A Letter to S3
When we come back from vacation, things will be different from when we left them. On Friday we had our last exam, took a celebratory picture on the stairs at the entrance of MM4, and celebrated with customary cañas and copas at Mercado Provenzal. But the E010 I walk into on March 30th won’t be the same because I’ll be the only one of us who’s still there. Instead of the forty of us in S3, I will be in a class of somewhere between 15 and 20, with none who I’ve ever had class before. There will be a sense of nostalgia in that room, even though we will have four more months before graduation. That first picnic in Las Vistillas the night before we started all of this in Segovia seems like a century ago, but in fact it’s only been six months since that first encounter for most of us.
Truth be told, I didn’t think I would ever write this, but as often happens, words started to flow as we took that photograph and enjoyed some moments together before we went off on our individual paths to enjoy some well-deserved time off. For a very long time I had this feeling that most of you despised me very much, that my New York English (with its vocabulary, idiomatic expressions, and speed) made for more enemies than friends, and that compensating for my lack of experience with accounting and finance with participation was seen as snobbish and stand-offish. We were warned of these academic culture shocks; for those of us who studied in the American system in which a lack of participation resulted in your grades being lowered no matter how well you did on exams, we simply raise our hands because we have always been expected to. I also had a feeling that many of you thought I was an idiot, that my ideas did not matter. There were even some instances where I did not feel at all welcome, and times where I wanted to get on the next plane back to New York and give up because I did not think that I was worthy enough of a master’s degree or of any of you.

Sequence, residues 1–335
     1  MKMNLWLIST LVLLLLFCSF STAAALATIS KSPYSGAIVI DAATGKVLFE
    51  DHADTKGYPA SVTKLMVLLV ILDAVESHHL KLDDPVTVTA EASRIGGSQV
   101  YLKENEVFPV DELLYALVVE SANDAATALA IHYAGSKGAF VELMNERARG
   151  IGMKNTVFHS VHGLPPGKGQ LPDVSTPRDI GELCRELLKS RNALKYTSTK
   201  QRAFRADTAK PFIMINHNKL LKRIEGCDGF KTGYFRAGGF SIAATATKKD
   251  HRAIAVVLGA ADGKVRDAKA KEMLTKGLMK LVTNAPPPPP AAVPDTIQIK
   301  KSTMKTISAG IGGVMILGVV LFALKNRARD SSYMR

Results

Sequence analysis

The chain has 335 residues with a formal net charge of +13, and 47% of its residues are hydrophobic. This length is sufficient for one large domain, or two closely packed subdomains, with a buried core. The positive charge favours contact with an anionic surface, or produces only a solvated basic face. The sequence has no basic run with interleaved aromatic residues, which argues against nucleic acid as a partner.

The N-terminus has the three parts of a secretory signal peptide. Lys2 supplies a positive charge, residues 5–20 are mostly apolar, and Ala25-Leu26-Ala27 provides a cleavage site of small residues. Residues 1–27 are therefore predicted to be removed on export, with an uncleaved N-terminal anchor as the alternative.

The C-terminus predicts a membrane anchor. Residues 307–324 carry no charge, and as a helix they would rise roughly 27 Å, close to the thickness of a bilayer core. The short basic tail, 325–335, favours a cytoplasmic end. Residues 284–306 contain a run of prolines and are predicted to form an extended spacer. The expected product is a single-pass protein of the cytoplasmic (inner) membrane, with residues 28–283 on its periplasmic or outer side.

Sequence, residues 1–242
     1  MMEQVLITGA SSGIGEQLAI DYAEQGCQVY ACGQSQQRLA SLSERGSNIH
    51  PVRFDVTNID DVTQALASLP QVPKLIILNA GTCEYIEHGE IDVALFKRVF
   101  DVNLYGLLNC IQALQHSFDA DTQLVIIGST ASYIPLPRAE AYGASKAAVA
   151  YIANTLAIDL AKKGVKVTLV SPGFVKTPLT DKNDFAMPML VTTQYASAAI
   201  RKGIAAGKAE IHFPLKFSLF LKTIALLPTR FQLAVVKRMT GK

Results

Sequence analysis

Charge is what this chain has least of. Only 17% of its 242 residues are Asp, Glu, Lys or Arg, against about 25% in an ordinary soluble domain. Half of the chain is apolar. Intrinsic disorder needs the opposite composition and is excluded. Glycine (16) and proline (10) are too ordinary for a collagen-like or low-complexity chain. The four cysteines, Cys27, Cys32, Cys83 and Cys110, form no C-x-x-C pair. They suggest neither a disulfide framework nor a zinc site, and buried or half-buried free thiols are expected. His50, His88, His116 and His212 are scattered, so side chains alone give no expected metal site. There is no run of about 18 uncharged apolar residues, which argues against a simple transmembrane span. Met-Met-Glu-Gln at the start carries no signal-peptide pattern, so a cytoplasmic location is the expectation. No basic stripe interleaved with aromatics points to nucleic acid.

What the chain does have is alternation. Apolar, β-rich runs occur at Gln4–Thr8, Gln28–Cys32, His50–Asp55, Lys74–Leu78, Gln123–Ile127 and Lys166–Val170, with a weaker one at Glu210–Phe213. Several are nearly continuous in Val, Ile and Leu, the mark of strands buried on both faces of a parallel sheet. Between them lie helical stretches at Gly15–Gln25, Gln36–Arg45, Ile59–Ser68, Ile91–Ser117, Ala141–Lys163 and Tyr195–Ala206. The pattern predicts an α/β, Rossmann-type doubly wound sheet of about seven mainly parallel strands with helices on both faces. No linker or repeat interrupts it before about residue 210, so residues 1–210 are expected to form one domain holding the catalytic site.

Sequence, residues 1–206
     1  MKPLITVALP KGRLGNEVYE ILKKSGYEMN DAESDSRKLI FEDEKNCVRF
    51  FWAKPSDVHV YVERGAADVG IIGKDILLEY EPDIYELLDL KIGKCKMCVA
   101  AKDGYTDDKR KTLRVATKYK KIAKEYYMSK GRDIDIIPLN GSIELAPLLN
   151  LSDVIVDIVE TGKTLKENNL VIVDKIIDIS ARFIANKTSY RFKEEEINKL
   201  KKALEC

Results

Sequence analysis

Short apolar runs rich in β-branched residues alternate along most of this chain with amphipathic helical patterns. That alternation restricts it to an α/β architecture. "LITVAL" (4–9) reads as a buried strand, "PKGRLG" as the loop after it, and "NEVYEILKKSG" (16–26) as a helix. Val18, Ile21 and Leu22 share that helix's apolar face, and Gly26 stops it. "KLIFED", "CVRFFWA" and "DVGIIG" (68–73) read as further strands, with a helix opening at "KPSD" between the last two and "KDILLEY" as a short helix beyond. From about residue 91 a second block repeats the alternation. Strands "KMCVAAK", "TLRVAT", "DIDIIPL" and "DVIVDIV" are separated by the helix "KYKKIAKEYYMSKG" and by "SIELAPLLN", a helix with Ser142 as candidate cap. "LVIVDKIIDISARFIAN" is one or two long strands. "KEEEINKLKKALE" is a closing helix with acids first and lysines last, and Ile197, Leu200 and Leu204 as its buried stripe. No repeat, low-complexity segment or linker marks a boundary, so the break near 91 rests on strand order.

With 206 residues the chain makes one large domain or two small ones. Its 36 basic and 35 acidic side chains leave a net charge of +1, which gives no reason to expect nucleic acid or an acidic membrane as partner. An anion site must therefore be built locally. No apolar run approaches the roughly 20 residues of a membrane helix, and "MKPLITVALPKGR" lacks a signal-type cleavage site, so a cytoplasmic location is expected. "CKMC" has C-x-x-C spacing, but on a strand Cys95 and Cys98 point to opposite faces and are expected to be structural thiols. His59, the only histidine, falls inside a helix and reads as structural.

But like many of the things that worry us, at the end of the day, a number of them were all in my head. I never thought that I would get to this point and say thank you, but for the good and the bad, being in class from each of you made us all grow in our own way. I’ll miss sitting next to Antoine and in front of Amitesh, Karla, Natalia, and Francesca. I’ll miss being able to have Spanish time with Carla, Jorge, and Iñigo. And going to Little Big with Meg. Even the sometimes infantile behavior of some I may miss in class. I certainly wouldn't have gotten through this without Jorge, nor Carla, nor Francesca, Julia, Maria, and Meg in particular, but of course it wouldn't have been the same if one of us had not come to IE or had been in a different section. Those times outside of class, whether at Marieta, Julia and Isa’s house, CuchIEbamba, belting out karaoke at Sala Caravan, the Winter Ball black tie and all, or anywhere else in Madrid we may happen to be made all of the competition in class worth it.
Che Guevara, when describing the impact of his journey through Latin America in The Motorcycle Diaries said: “Yo ya no soy yo por lo menos ni soy el mismo yo interior.” However ironic the choice of a Che Guevara quote is when we are in fact studying Business Administration, it best manifests how being in class with all of you has, at the very least, changed me (even if some of you may find this to be doubtful).
This core period went by way too fast, but for how short it was, gracias por todo.